SYDNEY (Reuters) - Australia’s antitrust regulator said it will consider a watered down version of Canadian infrastructure giant Brookfield Asset Management Inc’s (BAMa.TO) $6.5 billion (C$9 billion) bid for freight firm Asciano Ltd AIO.AX, reviving the prospect of a deal.
The Australian Competition and Consumer Commission (ACCC) said on Tuesday Brookfield offered to sell one of the target company’s rail freight businesses and one of its own coal terminals to ease the regulator’s concerns that the buyout would give it too much market dominance.
The ACCC’s decision to reopen its scrutiny is a step forward for what would be Australia’s biggest takeover by a Canadian firm. In October, the ACCC complained the deal would give Brookfield the trains and the train tracks in some areas, shutting out other haulage players.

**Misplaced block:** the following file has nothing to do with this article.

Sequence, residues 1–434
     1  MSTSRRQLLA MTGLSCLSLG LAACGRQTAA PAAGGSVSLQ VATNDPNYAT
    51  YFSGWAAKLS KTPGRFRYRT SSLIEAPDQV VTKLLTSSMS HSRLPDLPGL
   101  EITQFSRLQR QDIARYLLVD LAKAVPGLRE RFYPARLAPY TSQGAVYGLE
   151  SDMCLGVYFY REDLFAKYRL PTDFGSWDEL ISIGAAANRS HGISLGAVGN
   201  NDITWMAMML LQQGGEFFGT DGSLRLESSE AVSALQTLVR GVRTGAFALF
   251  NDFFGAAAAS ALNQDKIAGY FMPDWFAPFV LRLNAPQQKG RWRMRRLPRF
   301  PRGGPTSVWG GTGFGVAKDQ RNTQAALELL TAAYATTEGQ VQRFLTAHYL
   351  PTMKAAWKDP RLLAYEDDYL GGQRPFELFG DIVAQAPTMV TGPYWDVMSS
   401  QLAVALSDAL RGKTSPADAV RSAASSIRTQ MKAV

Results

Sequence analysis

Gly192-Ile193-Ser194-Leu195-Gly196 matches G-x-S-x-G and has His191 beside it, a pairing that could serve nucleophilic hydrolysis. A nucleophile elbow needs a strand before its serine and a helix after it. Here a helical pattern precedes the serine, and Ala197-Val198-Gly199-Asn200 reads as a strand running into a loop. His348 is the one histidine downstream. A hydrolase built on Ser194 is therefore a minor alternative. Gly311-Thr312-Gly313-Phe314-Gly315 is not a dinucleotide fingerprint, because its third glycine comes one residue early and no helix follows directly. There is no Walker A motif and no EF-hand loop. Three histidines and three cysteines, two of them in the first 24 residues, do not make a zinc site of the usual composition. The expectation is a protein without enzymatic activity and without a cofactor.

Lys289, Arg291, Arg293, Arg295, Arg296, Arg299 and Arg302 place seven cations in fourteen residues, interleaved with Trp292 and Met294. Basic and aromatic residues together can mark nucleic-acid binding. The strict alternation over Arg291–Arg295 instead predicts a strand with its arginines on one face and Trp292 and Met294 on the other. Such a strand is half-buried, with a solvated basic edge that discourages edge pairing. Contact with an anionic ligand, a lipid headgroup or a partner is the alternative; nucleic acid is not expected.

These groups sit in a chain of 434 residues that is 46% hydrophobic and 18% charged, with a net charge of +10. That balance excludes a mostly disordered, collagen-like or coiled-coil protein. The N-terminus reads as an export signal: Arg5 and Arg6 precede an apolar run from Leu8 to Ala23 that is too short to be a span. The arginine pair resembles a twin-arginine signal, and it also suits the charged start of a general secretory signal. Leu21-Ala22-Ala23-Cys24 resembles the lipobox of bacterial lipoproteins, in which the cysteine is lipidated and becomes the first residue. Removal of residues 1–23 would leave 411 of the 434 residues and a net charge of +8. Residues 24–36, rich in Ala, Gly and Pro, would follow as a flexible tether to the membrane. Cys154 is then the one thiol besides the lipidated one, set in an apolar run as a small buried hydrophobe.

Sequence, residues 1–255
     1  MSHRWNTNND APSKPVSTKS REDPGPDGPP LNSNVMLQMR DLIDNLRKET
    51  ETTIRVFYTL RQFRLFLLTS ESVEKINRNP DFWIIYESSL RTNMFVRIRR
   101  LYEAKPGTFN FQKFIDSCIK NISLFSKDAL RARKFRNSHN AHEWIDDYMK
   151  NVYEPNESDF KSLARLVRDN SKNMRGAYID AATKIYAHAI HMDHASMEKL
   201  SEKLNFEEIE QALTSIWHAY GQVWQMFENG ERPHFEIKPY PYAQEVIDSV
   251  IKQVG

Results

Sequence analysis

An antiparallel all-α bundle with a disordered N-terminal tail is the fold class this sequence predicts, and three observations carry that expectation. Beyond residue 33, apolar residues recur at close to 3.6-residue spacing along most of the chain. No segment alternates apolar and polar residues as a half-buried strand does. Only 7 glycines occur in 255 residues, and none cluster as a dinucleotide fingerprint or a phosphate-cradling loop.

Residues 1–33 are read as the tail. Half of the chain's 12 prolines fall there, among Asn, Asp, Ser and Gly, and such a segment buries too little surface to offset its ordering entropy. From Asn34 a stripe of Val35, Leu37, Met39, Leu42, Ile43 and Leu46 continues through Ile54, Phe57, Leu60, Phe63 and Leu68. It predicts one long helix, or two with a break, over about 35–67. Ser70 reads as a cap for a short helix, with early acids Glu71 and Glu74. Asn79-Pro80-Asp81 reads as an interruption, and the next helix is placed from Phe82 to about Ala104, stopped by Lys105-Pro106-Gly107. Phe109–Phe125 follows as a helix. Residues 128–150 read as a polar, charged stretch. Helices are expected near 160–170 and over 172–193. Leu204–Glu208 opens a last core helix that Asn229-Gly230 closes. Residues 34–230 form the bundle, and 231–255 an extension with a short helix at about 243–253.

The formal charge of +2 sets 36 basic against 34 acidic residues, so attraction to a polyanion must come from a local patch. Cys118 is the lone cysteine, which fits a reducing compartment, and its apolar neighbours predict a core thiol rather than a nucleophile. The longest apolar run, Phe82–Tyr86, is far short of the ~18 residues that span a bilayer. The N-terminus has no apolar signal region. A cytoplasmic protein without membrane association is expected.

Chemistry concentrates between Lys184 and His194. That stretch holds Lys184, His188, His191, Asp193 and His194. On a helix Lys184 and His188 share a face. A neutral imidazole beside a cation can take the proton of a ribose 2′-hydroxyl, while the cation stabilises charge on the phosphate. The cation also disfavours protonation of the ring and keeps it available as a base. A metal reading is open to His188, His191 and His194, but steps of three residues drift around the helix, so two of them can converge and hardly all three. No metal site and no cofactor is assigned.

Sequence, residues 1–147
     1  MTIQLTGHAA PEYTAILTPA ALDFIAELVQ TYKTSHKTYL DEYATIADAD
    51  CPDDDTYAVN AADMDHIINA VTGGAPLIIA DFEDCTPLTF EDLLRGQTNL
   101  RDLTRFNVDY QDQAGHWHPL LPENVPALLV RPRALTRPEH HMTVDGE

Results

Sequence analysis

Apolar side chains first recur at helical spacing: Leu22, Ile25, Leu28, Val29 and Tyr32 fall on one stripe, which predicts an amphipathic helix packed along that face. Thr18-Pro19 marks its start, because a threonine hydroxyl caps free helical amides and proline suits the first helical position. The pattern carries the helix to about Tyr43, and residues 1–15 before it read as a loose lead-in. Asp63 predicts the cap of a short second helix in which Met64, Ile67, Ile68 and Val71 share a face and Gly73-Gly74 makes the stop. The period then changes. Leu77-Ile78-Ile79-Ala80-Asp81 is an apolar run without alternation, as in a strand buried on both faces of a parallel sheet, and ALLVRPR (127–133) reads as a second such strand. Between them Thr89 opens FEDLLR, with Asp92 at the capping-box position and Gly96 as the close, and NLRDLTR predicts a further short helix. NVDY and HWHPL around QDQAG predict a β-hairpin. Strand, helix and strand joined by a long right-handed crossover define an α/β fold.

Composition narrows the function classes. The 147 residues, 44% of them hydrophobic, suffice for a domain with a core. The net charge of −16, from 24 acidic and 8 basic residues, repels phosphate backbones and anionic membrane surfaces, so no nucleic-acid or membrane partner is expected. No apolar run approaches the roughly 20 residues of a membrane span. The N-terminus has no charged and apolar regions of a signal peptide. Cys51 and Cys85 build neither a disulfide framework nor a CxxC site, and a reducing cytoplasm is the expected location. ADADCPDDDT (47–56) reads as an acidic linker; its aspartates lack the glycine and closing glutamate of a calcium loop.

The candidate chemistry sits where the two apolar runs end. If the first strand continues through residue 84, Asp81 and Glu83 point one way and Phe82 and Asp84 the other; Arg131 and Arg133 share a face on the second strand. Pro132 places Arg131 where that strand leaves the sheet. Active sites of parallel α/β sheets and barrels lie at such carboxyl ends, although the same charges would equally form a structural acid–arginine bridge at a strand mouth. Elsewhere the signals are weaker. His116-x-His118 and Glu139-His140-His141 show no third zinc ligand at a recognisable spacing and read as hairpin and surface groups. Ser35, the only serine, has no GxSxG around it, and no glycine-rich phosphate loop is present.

In November, it rejected Brookfield’s “behavioural undertakings” intended to overcome its concerns.
The regulator said on Tuesday it would invite public comment about Brookfield’s latest undertakings, although it noted that this “should not be interpreted as a signal that the ACCC will ultimately accept these undertakings”.
The move is a blow to rival Australian bidder Qube Holdings Ltd, which has been counting on a regulatory knockback for Brookfield.
The ACCC had been widely expected to reject Brookfield’s offer by a deadline of Dec. 17, but said it will now give a final verdict on Feb. 18, the same day it gives a ruling on Qube’s offer for Asciano.
Asciano shares were up 0.9 percent at A$8.80, in line with a higher overall market but short of Brookfield’s A$9.15 per share offer.
Reporting by Byron Kaye; Editing by Richard Pullin